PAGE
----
Apr. 11, 2006 The view from space of an ancient canal network is recasting archaeologists' understanding of the Assyrian capital of Nineveh and of the farming economy that supported it at its height of power almost 3,000 years ago.
The work of Assistant Anthropology Professor Jason Ur, detailed in the November/December issue of the archaeology journal Iraq, is casting doubt on the long-held belief that canals that brought water from springs and rivers far to Nineveh's north were mainly constructed to support the city's elaborate gardens.
Using declassified satellite photographs taken decades ago, Ur found what he believes is evidence of branches in the canals that indicate extensive agricultural irrigation in the lands north of Nineveh that scholars had thought dependent on rainfall for their annual production.
With irrigation, those fields would have been potentially far more productive than if they had been reliant on the vagaries of natural rain. Ur said the canals indicate that the farming system underlying what was then the Middle East's dominant empire was more complex and organized than previously thought.
There were likely smaller satellite cities in the areas where the canals branched, Ur said, some of which remain undiscovered or buried under modern villages.
"What I would guess is that there are undiscovered population centers there," Ur said. "The irrigation infrastructure is there to support larger settlements. We have to go and find them."
Satellite photographs can be powerful tools for archaeologists in detecting broader patterns of settlement and networks that accompany ancient civilizations, such as roads and canals, Ur said.
An archaeologist trying to piece together these great works can walk the ground, digging to examine a promising mound here or an outcropping there. It helps, however, to step back from the landscape and look for patterns and structures that may be difficult or impossible to detect from the ground, where thousands of years of farming, road building, and urban development obscure all but bits and pieces.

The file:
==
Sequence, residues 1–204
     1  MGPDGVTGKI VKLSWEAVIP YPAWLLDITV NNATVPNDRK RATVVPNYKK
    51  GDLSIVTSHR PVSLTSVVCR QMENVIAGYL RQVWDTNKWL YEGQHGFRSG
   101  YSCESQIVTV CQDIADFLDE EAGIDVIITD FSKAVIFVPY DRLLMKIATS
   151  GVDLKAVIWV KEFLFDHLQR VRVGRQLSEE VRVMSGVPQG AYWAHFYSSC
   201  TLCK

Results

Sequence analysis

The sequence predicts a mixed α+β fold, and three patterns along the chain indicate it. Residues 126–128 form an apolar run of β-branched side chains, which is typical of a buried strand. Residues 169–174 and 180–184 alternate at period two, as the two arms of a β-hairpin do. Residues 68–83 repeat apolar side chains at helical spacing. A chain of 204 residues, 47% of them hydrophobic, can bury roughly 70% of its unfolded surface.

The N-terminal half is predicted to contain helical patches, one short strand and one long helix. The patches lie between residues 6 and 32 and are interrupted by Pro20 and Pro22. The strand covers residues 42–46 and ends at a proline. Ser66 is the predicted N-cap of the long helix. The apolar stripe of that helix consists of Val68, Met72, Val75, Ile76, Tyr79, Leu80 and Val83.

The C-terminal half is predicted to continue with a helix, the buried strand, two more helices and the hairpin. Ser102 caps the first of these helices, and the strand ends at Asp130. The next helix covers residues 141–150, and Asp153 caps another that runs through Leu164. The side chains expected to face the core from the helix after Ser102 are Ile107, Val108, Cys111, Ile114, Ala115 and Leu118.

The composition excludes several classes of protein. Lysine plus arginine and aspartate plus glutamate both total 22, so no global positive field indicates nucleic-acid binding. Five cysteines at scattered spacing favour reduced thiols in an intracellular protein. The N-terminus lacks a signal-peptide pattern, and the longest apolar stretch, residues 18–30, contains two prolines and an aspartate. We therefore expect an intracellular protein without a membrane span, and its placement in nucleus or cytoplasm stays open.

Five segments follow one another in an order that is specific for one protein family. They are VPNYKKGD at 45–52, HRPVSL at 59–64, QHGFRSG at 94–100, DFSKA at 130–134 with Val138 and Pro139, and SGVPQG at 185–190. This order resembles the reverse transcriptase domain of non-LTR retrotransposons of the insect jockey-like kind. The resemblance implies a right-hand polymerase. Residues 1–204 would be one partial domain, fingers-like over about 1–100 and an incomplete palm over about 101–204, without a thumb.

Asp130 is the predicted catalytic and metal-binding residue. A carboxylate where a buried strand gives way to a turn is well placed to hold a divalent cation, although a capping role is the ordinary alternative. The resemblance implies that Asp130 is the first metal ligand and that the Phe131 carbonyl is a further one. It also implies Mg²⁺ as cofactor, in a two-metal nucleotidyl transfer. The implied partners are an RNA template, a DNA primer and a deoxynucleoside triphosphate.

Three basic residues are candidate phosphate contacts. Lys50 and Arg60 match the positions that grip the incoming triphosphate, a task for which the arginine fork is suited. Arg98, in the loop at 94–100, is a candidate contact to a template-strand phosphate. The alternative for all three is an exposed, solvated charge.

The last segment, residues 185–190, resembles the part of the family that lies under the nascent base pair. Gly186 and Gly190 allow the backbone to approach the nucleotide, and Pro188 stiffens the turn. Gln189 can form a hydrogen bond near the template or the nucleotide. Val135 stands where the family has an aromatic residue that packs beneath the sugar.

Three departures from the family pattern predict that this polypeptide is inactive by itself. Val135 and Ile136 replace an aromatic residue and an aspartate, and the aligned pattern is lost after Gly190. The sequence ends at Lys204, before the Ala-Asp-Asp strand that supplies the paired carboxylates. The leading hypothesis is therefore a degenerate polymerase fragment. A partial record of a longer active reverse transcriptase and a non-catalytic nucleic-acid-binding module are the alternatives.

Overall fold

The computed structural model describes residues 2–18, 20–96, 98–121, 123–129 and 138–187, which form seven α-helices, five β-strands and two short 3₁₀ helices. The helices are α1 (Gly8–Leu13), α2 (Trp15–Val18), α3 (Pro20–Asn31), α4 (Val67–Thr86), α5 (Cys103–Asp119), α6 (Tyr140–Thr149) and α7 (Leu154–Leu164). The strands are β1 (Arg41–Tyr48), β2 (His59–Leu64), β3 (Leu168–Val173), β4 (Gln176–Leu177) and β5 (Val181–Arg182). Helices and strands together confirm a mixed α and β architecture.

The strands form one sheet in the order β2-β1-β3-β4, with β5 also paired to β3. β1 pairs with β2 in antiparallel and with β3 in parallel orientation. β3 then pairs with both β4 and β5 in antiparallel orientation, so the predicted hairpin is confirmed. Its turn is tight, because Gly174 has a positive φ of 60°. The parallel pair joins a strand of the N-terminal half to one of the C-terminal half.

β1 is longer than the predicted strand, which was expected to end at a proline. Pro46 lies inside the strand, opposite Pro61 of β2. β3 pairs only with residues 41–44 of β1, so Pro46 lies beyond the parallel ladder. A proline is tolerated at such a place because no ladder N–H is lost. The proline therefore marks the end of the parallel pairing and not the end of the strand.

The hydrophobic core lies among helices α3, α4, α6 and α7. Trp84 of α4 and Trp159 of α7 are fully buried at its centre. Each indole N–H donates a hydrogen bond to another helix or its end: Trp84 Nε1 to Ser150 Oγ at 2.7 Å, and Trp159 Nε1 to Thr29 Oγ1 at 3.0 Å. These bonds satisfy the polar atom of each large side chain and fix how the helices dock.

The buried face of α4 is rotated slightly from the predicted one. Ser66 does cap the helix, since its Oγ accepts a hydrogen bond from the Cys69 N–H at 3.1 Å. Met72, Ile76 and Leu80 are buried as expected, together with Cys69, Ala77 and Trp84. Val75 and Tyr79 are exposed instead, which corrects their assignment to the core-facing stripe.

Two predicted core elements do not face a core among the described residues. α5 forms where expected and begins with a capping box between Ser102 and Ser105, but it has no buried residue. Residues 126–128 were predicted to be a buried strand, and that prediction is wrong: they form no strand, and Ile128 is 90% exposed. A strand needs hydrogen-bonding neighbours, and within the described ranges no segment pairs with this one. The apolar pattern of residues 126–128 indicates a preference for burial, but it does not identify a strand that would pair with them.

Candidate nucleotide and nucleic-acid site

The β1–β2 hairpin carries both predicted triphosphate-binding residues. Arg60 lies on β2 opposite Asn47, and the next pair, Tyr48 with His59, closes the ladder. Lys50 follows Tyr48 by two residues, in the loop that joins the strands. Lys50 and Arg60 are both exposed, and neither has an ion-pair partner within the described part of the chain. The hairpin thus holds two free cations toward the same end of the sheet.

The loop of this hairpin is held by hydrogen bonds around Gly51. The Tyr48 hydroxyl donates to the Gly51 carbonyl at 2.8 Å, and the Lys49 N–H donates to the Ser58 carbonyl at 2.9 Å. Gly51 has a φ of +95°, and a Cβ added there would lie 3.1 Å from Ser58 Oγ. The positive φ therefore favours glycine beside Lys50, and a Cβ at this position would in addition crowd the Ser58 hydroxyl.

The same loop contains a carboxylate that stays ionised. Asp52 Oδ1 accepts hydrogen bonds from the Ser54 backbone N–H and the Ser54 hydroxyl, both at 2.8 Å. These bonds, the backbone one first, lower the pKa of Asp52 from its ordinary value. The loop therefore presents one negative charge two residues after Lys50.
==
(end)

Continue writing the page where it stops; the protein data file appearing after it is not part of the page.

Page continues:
"If you press your nose against a Monet, all you see is a blur. If you take a few steps back, you see lilies, you see bridges," said Ur. "For this reason, remote sensing data is really irreplaceable."
Low-level aerial photographs can serve a similar purpose as satellite photos, Ur said, but some nations don't allow archaeologists in, never mind flying over their countryside with a camera.
Further, he said, Cold War-era photographs allow researchers to look back in time at a landscape that may have been lost in the intervening years through urban development, military action, or other human activities.
Urban sprawl from the nearby Iraqi city of Mosul is a concern around Nineveh, which lies across the Tigris River. Already, Ur said, expansion of Mosul has obscured many features around Nineveh's clearly defined walls that were visible in satellite photos from the 1960s.
In addition to his work on Nineveh, Ur is examining the road system around the Bronze Age city of Tell Brak in northeastern Syria. The roads into the city, about 2,000 years older than Nineveh, probably arose spontaneously, Ur said, as people and goods flowed into and out of Tell Brak. Ur said he's detected a progression from the main city, to smaller satellite settlements, out to farms, to fields, and to pastures beyond.
"I'm interested in urban settlements and in how they were maintained and sustained," Ur said. "Irrigation, agriculture, networks of roads to satellite cities were probably very important to these early settlements because they were too large to sustain themselves."
In contrast to the natural growth of Tell Brak's road system, Nineveh's canals were public works, instigated and controlled by the central government, which at the same time was importing conquered people to act as labor. Ur said the Assyrians brought in not just men from the conquered lands, but whole families and villages, what he called entire "productive units."
"I see this as part of an overall demographic program, not only creating a new landscape, but also importing the labor to work it," Ur said.
Ur is a year into a new project in northwestern Iran, examining a new system of canals there thought to have been built by the Sasanian Empire, which battled Rome and the Byzantine Empire in the Middle East.
The researchers found the Sasanian canals from the satellite photographs, but also noticed small, brightly colored rings of what looked like stones dotting the landscape. On their first field expedition, in January 2005, Ur said they discovered the rings were circles of large holes - each hole about 6 feet wide - dug into the ground with earth mounded around them.
Researchers believe the holes were winter quarters for livestock, and the rings of holes represented winter campgrounds for pastoral people who spent summers in the nearby mountains.
Many of these ancient campsites have been destroyed by farming and development in the years since the photographs were taken, Ur said, making the satellites a valuable resource to understand how the land was used by ancient people. Without evidence from the photographs and a visit to investigate remaining campsites, the visible canals would have left evidence of the landscape's agricultural past, but remained silent on the land's use by ancient herding people.
"This is what I find interesting," Ur said, "how structures emerged."
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